How to handle the heat and humidity on your daily run

In case you didn't know — and if you haven't read it, I'm sure you've felt it — over here on the East Coast, we are stuck in a major heatwave. It's been nothing short of record-breaking. I ducked out of a run last week because the temps were well into the 90s in the Annapolis area, and I just didn't feel like breathing in the thick, humid air practically steaming off the Chesapeake Bay. But it left me wondering: Was it worth skipping out on the training? 

I mean, the fact is, summer is hot. And this summer will probably continue heating up, and scientists predict that future summers will be even hotter. The predicted low late last week was 80°F, and that's just the temperature. There's a whole thing about a heat index, which I don't entirely understand, but humidity and wind play a part in it. If it's super-humid, 80° can feel like 90°, and 90° can feel like 100°. But what should I pay attention to? Facts or feelings?

Normally, the answer is facts. But feelings play a big part in summer training. And humidity plays hard on what a runner feels. With the air so heavy around you, the sweat isn't able to evaporate as easily from your skin, leaving you with that fur coat feeling that traps in the heat. So ... what should you do about it?

1. Make friends with Mother Nature.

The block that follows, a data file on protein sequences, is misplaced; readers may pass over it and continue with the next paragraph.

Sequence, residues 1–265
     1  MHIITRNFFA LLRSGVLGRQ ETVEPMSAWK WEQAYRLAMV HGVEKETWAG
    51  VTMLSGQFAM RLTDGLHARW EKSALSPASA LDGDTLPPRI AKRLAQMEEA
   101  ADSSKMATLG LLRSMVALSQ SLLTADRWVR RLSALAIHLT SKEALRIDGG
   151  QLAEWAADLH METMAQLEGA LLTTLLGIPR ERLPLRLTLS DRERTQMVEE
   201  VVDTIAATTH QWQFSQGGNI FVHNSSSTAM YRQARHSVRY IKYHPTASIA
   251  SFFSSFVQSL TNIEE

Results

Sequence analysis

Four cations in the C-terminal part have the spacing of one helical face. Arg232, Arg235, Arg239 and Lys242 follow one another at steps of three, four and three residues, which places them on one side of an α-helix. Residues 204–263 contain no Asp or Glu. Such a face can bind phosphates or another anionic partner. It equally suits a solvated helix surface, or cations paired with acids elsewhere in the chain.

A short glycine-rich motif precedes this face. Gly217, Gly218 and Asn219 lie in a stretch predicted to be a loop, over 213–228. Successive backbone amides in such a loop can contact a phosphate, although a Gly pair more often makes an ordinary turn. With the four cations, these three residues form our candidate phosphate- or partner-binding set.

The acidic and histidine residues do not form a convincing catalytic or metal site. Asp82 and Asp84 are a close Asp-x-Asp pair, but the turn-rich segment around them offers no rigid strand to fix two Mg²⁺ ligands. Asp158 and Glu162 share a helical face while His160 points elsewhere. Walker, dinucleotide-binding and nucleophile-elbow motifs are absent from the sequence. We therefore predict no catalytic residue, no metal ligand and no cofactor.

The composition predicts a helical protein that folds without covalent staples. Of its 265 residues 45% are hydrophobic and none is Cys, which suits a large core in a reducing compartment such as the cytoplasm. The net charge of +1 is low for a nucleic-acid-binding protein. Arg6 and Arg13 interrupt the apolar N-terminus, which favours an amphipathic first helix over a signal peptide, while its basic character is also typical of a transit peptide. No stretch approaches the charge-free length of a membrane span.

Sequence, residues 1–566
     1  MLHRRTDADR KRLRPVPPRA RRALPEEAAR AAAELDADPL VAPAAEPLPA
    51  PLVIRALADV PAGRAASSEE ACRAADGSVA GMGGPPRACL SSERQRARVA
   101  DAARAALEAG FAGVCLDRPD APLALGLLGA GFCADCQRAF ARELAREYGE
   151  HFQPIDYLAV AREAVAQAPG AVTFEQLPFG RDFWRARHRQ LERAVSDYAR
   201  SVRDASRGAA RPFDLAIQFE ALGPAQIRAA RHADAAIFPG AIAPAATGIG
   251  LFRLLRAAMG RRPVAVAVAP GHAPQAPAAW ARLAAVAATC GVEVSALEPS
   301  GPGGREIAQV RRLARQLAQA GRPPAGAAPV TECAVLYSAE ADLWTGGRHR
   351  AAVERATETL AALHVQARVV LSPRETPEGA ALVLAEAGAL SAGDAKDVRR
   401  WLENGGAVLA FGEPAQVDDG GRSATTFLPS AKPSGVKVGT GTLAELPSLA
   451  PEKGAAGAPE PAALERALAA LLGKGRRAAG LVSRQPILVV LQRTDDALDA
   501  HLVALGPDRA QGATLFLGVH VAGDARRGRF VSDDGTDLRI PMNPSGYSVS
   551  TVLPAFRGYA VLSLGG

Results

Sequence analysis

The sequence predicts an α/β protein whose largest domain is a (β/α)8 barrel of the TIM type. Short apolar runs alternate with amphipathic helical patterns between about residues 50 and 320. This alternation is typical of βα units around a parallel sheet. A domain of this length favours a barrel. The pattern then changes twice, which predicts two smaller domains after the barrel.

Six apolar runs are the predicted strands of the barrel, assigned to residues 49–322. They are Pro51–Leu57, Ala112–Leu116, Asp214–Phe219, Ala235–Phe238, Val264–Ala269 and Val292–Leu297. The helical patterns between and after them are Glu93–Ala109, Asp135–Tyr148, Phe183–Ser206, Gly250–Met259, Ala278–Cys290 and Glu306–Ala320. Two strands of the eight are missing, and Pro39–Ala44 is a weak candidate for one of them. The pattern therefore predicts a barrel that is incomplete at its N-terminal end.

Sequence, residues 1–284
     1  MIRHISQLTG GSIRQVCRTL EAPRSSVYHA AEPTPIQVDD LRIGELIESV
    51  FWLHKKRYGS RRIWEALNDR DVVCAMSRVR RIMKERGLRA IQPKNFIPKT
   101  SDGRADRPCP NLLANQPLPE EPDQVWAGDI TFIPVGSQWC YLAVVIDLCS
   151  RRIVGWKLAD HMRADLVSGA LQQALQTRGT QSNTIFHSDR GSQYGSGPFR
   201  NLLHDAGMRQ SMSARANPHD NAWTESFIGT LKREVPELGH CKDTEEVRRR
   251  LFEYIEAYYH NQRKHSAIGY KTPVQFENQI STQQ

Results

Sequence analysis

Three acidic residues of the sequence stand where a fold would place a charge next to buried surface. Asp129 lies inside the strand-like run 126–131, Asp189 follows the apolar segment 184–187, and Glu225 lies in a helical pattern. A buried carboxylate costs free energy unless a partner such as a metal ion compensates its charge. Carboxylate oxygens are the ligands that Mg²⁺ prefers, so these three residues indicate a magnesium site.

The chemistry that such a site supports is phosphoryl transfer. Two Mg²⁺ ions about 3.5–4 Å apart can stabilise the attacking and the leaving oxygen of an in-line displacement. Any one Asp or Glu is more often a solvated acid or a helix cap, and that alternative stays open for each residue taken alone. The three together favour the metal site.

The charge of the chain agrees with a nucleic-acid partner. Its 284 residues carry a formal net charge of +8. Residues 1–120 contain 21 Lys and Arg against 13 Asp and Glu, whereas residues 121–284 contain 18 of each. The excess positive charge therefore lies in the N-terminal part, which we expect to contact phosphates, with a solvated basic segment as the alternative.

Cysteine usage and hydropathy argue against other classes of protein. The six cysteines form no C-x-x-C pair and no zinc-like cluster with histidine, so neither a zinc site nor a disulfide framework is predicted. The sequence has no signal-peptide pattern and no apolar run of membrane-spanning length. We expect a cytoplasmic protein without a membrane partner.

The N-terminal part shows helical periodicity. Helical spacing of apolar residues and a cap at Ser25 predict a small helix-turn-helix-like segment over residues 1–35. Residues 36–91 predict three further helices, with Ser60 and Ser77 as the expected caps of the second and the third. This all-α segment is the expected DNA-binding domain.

Find the shade. This one is the most obvious and the most difficult to do. Depending on where you live, trees and sun cover can be far and few between. But try to block the sun as much as possible. It really does help. Shade can cut down on up to 15° just by blocking you from direct sunlight. And good news if you live by water: the air coming off the water can be up to 5° cooler. You know what else? Stick to the grass. It may feel easier to run on the sidewalk due to less resistance, but the pavement bakes in a way grass doesn't.

2. Slow down.

Higher heat indexes (hello, humidity) mean higher heart rates. Higher heart rates are a quicker route to fatigue and high body temps. With all this working on you, it's going to be harder to run at your normal pace — and more dangerous. Your heart and lungs are working harder which can lead to nausea, cramping, and heat exhaustion. It's okay to stop to walk or stop for a drink. You're still working out your mental toughness!

3. Become a camel.

I have a CamelBak hydration pack for those super-hot days. Bringing water with you is a good idea. Yeah, it can be a pain to bring extra gear with you on a run, but it'll be an even bigger pain if you get dehydrated in the middle of your long run.

4. Stay inside.

Pull out a fan and get on the treadmill. This is the easiest solution. Swim laps at the pool. Go to the gym to do some cross-training. Sometimes being outside in the dead of summer just isn't an option.

Well, it's always an option, but it's not always a smart option. We talk a lot about safety and listening to our bodies. It's even more crucial when the temperatures — sorry, heat indexes — get high. But here's hoping this week promises some cooler temperatures for us. Fingers crossed!

The Run-Around is a weekly feature, focusing on fitness in and around Annapolis, MD.